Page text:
In the late 1800’s, the French physicist Jacques Arsene d’Arsonval proposed a method for generating electricity using the sea as a giant solar-energy collector. It is considered that the technology, termed “Ocean Thermal Energy Conversion” (OTEC), may enable the establishment of an efficient energy storage system across the world, supplying enough energy for our entire planet.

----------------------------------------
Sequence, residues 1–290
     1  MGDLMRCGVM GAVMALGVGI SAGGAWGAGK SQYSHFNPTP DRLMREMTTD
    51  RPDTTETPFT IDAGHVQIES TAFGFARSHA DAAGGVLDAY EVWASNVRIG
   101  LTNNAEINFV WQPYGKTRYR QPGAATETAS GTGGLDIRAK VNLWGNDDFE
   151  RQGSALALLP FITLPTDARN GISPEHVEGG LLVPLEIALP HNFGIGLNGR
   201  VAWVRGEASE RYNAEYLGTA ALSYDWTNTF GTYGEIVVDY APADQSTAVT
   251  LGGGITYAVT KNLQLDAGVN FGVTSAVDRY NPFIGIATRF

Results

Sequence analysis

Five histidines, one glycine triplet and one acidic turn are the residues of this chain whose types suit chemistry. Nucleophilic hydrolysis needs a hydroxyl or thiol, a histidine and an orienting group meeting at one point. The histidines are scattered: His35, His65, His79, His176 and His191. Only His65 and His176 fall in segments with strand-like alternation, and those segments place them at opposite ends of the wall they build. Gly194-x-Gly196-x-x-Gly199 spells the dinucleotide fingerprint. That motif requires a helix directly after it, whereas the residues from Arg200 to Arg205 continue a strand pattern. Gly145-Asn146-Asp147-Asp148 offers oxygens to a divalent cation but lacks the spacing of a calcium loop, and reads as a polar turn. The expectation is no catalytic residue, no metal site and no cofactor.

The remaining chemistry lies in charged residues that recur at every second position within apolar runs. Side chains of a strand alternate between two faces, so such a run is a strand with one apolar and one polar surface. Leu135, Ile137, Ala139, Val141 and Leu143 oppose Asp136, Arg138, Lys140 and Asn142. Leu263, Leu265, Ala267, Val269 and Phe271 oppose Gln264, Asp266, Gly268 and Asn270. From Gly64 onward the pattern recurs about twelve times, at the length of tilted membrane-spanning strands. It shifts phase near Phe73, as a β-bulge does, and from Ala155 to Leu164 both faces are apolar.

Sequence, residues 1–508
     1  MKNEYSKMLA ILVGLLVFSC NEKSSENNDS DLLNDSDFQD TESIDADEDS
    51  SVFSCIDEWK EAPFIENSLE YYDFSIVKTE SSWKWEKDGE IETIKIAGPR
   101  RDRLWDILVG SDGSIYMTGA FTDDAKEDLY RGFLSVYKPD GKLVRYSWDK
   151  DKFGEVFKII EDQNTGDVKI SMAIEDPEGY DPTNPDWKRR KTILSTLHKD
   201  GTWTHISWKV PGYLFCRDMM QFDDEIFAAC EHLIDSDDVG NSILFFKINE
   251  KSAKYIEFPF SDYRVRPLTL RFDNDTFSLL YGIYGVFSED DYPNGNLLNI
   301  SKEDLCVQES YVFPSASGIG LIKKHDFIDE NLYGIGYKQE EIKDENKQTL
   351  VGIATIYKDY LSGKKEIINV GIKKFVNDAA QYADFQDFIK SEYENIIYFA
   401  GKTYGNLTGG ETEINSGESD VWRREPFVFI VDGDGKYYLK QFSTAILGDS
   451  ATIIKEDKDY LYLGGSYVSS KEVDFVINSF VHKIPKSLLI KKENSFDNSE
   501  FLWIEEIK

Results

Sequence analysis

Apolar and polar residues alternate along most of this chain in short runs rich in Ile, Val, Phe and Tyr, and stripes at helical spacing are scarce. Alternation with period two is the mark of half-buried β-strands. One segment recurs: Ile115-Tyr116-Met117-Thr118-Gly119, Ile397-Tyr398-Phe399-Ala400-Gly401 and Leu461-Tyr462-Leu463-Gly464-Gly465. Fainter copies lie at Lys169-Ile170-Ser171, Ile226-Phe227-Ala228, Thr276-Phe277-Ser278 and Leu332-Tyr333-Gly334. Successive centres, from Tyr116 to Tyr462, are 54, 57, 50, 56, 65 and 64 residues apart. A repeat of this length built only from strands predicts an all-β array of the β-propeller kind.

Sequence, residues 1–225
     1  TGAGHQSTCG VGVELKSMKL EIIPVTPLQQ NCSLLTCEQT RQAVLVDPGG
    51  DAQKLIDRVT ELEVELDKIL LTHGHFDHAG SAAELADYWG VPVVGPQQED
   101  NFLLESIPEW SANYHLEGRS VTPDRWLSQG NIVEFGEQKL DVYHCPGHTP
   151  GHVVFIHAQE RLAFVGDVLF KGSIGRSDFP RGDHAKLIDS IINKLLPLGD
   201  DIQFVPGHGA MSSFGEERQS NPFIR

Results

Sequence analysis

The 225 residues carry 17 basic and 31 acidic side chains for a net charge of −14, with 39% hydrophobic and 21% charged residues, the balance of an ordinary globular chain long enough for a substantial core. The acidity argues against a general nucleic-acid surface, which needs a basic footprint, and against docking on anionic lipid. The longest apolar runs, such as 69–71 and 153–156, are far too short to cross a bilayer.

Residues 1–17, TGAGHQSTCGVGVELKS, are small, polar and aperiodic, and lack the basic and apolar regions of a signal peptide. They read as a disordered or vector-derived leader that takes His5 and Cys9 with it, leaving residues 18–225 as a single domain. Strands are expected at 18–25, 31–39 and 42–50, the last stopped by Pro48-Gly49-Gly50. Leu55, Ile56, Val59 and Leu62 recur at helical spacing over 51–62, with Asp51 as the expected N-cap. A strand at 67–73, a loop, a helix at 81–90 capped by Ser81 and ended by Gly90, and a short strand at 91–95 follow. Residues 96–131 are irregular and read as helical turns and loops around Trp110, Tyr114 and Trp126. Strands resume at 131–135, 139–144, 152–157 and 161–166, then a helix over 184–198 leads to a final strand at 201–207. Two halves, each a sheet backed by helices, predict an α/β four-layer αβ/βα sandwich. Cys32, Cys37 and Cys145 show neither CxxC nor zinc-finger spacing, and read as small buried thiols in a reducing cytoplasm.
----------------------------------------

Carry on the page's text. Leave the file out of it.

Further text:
OTEC is based on the idea of exploiting the differences in temperature between deep waters and surface waters in order to generate electric power. Shallow ocean waters can heat up to a temperature of 29C in the tropics. Only one kilometer below these warm waters, temperatures are significantly lower, often falling below 5C. These extreme temperature differences are used to operate vapor turbines, which drive generators to produce electricity. Experts estimate that on an average day, 60 million square kilometers of tropical seas absorb an amount of solar radiation that is equal in heat content to about 250 billion barrels of oil. To get a better perspective on these numbers, this actually means that less than 0.001% of this energy converted into electric power would be sufficient to supply over 20 times the electricity consumed daily in the United States.